Vegetables are a good basis for the main meal, too, whether that’s a platter of steamed green beans and asparagus, a leafy green salad, or stuffed mushrooms or capsicums. There are endless healthy and delicious options.

If you’re going down the traditional roast route, do potatoes and kumara with their skins on to get the benefit of the fibre and nutrients that would otherwise be lost.

Serving from a side table rather than the dining table will slow down return trips for seconds. If you’re having a buffet-style meal, take a leaf out of the marketers’ book and arrange the food platters so people load up with non-starchy vegetables first, before helping themselves to meat and root vegetables. That way people are encouraged to eat more of what’s best for them.

Make jugs of still and sparkling water available on the dining and buffet tables so there’s an option other than calorie-filled alcohol and soft drinks. If wine, juice and soft drinks are on a separate table, the extra walk will slow everyone’s intake.

The last course needn’t be a sugar hit, either. Seasonal fruit can form the basis of desserts such as fruit salads, roasted and barbecued fruit and fruit-topped pavlovas. Berries and stone fruit such as peaches, nectarines, plums and apricots make summer desserts both a delicious and healthy option.

With all that goodness tucked away, have a Merry Christmas and healthy New Year.

This article was first published in the December 23, 2017 issue of the New Zealand Listener.

MostReadArticlesCollectionWidget - Most Read - Used in articles
AdvertModule - Advert - M-Rec / Halfpage

Latest

Richard Prebble: Jacinda Ardern will face the tyranny of events
86009 2018-01-19 00:00:00Z Politics

Richard Prebble: Jacinda Ardern will face the tyra…

by Richard Prebble

I predicted Bill English would lose the election and the winner would be Winston Peters. But no forecaster, including the PM, predicted her pregnancy.

Read more
Aokigahara: More than just the ‘suicide forest’
85966 2018-01-19 00:00:00Z World

Aokigahara: More than just the ‘suicide forest’

by Justin Bennett

It's known as a 'suicide forest', but Justin Bennett found Aokigahara's quiet beauty outweighed its infamous reputation.

Read more
Truth and Lye: New perspectives on the brilliance of Len Lye
85816 2018-01-19 00:00:00Z Arts

Truth and Lye: New perspectives on the brilliance …

by Sally Blundell

New essays on New Zealand-born US artist Len Lye elevate him to the status of Australasia’s most notable 20th-century artist.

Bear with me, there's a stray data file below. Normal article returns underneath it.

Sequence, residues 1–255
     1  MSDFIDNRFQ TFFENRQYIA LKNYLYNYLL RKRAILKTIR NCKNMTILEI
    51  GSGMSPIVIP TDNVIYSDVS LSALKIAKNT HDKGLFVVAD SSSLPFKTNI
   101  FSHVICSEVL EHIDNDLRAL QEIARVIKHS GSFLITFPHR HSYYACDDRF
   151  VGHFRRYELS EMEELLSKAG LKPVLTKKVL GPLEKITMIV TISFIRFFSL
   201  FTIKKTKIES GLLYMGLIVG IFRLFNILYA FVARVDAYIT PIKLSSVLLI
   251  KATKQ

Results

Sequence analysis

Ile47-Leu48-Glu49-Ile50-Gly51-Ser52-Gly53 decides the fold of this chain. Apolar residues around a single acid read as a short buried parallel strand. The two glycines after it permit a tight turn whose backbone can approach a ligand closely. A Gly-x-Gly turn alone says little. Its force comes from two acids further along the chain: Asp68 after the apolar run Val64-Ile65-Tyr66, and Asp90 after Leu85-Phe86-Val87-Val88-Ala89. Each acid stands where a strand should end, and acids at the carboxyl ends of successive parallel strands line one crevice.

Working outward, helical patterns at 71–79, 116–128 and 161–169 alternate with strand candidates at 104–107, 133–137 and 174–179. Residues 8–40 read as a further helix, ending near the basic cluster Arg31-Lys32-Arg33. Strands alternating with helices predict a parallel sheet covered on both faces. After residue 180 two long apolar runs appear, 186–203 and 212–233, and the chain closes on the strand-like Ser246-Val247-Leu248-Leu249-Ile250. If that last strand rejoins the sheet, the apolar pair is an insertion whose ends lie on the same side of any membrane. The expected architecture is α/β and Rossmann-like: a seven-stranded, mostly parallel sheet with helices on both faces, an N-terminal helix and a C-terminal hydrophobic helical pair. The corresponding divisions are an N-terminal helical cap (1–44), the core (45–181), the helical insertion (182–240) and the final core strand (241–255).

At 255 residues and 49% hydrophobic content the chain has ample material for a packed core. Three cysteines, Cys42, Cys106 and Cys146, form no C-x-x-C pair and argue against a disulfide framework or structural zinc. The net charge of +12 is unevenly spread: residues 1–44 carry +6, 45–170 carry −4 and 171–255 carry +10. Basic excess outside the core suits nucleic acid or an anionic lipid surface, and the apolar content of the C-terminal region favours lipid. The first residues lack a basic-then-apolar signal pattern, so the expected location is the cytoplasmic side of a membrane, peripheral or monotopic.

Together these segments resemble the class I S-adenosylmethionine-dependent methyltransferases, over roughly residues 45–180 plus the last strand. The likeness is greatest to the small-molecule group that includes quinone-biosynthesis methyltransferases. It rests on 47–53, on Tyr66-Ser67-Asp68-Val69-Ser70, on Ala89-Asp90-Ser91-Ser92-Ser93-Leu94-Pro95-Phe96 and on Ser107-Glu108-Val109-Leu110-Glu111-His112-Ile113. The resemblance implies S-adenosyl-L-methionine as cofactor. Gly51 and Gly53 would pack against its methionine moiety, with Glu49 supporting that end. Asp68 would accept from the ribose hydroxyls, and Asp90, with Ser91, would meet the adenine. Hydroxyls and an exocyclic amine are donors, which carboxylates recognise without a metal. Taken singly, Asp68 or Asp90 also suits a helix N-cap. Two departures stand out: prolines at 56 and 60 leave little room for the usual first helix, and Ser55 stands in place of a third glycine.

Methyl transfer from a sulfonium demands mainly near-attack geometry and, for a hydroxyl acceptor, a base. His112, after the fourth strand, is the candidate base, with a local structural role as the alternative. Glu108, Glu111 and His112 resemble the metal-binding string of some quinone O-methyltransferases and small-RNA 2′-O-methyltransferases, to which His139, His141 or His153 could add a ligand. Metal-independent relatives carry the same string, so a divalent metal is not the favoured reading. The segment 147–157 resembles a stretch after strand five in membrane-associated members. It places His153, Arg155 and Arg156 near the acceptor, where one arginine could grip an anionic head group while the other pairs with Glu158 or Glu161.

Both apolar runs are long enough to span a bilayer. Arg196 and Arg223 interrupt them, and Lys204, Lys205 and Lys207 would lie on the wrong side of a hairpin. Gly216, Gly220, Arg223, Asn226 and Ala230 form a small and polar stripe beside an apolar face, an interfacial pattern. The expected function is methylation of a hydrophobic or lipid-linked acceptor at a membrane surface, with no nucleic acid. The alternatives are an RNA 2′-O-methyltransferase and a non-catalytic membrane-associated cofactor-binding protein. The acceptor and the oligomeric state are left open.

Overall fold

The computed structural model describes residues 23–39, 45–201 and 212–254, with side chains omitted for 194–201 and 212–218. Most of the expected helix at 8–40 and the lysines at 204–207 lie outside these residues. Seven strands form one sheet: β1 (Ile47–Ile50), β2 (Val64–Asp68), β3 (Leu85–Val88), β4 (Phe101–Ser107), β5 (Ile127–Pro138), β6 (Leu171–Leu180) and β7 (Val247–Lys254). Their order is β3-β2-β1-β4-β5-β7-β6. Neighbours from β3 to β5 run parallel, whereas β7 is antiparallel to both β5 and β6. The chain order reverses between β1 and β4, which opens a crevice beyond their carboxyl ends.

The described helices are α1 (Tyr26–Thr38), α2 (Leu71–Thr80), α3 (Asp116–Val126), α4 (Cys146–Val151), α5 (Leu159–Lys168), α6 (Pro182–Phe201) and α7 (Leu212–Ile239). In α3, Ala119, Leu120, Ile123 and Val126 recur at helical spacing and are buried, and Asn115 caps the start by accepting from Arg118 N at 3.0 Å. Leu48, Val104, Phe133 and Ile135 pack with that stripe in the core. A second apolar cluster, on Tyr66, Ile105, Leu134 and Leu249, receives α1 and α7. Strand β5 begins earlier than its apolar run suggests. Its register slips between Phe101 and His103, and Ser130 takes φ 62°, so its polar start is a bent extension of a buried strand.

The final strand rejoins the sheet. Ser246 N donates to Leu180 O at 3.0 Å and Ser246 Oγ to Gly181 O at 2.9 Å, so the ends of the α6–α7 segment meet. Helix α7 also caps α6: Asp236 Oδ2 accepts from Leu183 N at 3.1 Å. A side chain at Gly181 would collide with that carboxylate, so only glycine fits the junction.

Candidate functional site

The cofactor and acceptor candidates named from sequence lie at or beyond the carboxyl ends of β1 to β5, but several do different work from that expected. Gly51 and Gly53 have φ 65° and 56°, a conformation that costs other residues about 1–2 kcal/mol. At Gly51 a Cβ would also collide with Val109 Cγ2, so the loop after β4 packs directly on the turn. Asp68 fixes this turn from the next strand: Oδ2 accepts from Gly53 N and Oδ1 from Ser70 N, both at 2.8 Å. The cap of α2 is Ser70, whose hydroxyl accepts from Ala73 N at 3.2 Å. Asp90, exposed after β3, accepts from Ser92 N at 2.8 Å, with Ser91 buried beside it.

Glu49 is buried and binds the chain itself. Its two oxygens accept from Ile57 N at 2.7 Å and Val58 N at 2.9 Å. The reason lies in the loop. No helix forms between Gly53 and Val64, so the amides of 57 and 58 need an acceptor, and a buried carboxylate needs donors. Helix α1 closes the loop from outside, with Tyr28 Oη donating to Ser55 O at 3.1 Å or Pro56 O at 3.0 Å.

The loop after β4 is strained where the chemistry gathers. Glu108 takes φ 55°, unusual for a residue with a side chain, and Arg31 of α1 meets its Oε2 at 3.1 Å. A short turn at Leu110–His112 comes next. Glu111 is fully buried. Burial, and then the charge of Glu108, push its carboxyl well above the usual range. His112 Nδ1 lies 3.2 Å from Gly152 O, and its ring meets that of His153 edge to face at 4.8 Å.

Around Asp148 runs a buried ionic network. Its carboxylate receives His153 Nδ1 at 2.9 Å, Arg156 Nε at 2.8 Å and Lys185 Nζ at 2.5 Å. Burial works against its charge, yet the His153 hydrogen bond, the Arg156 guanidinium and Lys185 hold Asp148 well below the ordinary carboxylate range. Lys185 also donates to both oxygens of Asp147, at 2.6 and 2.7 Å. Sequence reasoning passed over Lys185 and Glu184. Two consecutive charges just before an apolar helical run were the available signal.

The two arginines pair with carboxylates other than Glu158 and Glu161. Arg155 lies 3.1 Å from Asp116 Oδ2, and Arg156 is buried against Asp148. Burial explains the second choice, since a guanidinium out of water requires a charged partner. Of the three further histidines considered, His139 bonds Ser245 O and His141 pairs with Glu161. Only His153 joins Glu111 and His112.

Read more
Brain activity may hold the secret to helping infertile couples
86046 2018-01-19 00:00:00Z Health

Brain activity may hold the secret to helping infe…

by Nicky Pellegrino

For about a third of infertility cases in New Zealand, there is no obvious reason why seemingly fertile couples struggle to conceive.

Read more
Farewells on the Auckland wharves, captured by photographer John Rykenberg
85964 2018-01-19 00:00:00Z Life in NZ

Farewells on the Auckland wharves, captured by pho…

by Frances Walsh

More than one million images from Rykenberg Photography, taken around Auckland, are now in the Auckland Libraries Collection. But who are the people?

Read more
'Termite hell' for Golden Bay man after he woke covered in insects
86027 2018-01-18 11:59:55Z Environment

'Termite hell' for Golden Bay man after he woke co…

by Hamish Cardwell

A Golden Bay man spending his first night in his new house says he woke to find his bed, walls and floor covered in hundreds of creepy crawlies.

Read more
Ten ‘stealth microplastics’ to avoid if you want to save the oceans
86015 2018-01-18 11:18:49Z Environment

Ten ‘stealth microplastics’ to avoid if you want t…

by Sharon George and Deirdre McKay

There's a growing movement to stop the amount of wasteful plastic that goes into our oceans, but what about the tiny bits we can hardly see?

Read more
It's time to chlorinate New Zealand's drinking water
86001 2018-01-18 09:41:15Z Social issues

It's time to chlorinate New Zealand's drinking wat…

by The Listener

The inconvenience to chlorine refuseniks is tiny compared with the risk of more suffering and tragedy from another Havelock North-style contamination.

Read more